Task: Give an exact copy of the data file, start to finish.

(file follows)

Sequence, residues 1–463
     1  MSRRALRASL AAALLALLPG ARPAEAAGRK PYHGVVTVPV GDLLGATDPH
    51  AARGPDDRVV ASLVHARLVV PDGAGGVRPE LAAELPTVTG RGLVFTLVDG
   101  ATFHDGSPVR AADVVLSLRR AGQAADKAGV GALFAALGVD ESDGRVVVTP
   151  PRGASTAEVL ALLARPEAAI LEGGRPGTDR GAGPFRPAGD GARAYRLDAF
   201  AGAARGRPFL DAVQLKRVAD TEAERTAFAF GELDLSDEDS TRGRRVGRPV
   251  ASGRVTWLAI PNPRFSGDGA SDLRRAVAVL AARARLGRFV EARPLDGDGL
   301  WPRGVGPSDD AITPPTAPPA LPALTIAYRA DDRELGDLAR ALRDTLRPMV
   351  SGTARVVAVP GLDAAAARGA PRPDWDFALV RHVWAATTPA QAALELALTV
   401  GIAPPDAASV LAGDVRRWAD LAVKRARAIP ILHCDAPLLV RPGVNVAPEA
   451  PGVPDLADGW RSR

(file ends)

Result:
Sequence, residues 1–463
     1  MSRRALRASL AAALLALLPG ARPAEAAGRK PYHGVVTVPV GDLLGATDPH
    51  AARGPDDRVV ASLVHARLVV PDGAGGVRPE LAAELPTVTG RGLVFTLVDG
   101  ATFHDGSPVR AADVVLSLRR AGQAADKAGV GALFAALGVD ESDGRVVVTP
   151  PRGASTAEVL ALLARPEAAI LEGGRPGTDR GAGPFRPAGD GARAYRLDAF
   201  AGAARGRPFL DAVQLKRVAD TEAERTAFAF GELDLSDEDS TRGRRVGRPV
   251  ASGRVTWLAI PNPRFSGDGA SDLRRAVAVL AARARLGRFV EARPLDGDGL
   301  WPRGVGPSDD AITPPTAPPA LPALTIAYRA DDRELGDLAR ALRDTLRPMV
   351  SGTARVVAVP GLDAAAARGA PRPDWDFALV RHVWAATTPA QAALELALTV
   401  GIAPPDAASV LAGDVRRWAD LAVKRARAIP ILHCDAPLLV RPGVNVAPEA
   451  PGVPDLADGW RSR